Photo credit: Valerie Cheatham
Four male students at North Carolina State University developed Undercover Colors, a nail polish that can detect the presence of Rohypnol, Xanax and Gama Hydroxybutyrate- also known as GHB or the “date rape drug”.
The drug is detected once the nail covered in the Undercover Colors nail polish is immersed in a liquid or drink the wearer might find questionable. On average, there is a victim of rape in Utah every 9.5 hours, according to the Utah Department of Health.
The four students intended this method of detection to be discreet. In order for the wearer to identify if GHB is present in their drink, the nail polish changes color depending on what drug was inside.
The Undercover Colors team offers hope that the nail polish will make potential perpetrators afraid to “spike” a woman’s drink, and to shift the fear from the victims to the perpetrators.
“[It’s] good to have a tool to stay safe like this.” Brittany Pitcher, a senior at UVU, said. “It’s better to try and be safe then not to try at all, [but] we should create a more permanent solution.”
Some women’s rights groups believe this is just a Band-Aid on a societal problem.
Katie Russell, a communications coordinator from the charity organization Rape Crisis England and Wales, was critical of Undercover Colors because the product shifts the focus of awareness from perpetrator to victim.
“Rape Crisis does not endorse or promote such a product or anything similar.” Russell said. “It implies that it’s the woman’s fault and assumes responsibility on her behalf and detracts from the real issues that arise from sexual violence.”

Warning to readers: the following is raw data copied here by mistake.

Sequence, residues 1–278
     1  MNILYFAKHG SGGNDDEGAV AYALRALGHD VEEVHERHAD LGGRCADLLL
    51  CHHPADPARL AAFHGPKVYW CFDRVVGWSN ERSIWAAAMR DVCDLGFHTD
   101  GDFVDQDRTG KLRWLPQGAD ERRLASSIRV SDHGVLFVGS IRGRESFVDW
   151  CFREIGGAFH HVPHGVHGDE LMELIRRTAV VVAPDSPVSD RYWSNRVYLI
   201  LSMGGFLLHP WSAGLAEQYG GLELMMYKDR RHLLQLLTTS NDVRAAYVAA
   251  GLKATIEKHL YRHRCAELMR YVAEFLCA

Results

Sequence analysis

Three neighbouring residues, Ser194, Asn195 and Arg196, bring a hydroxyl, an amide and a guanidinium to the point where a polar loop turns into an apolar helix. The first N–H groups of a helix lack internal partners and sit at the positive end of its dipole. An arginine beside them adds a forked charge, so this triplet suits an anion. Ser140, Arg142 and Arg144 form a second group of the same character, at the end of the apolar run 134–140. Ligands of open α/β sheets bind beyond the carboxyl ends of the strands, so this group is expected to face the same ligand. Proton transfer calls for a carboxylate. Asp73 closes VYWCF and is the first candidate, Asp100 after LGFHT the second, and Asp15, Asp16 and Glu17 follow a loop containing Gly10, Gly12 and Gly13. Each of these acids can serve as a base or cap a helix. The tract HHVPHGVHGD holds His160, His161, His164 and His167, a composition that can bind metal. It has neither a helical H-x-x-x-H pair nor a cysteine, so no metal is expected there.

UVU senior Kari Jones disagreed with Russell because she considers Undercover Colors to be a step in the right direction.
“Without changing people as a whole, [Undercover Colors] is our best solution.” Jones said. “Ideally we should change society, but until then it’s better to make sure you’re safe.
According to the latest Utah Department of Public Safety analysis, instances of rape increased by nearly ten percent from 2011 to 2012.
“We wanted to focus on preventive solutions, especially those that could be integrated into products that women already use,” Ankesh Madan, one of the founders of Undercover Colors, told Higher Education works in June.
According to the Washington Post, the nail polish is just part of a list of “gimmicky-seeming precautions”. Their list also includes anti-rape underwear and pepper spray cameras.
Brandon Prows, a previous UVU student, loved the idea of the nail polish and plans to buy a bottle for each of his sisters when it’s available.
“I understand rape is a problem,” Prows said. “But I think to change society it has to start with small steps like this.”
Utah is known for having a low rate of violent crime, but for the past ten years Utah has had a rape rate that is higher than the national average, according to the Rape Recovery Center.
Utah is one of 37 states that mandates abstinence-only sex education, according to Guttmacher Institute. This, Prows says, is one reason why rape could be higher in Utah and why all preventative measures, including Undercover Colors, should be used.
“Porn and a lack of sexual education is a massive contributor to the rape rate.” Prows said. “People grow up without knowing anything about [sex].”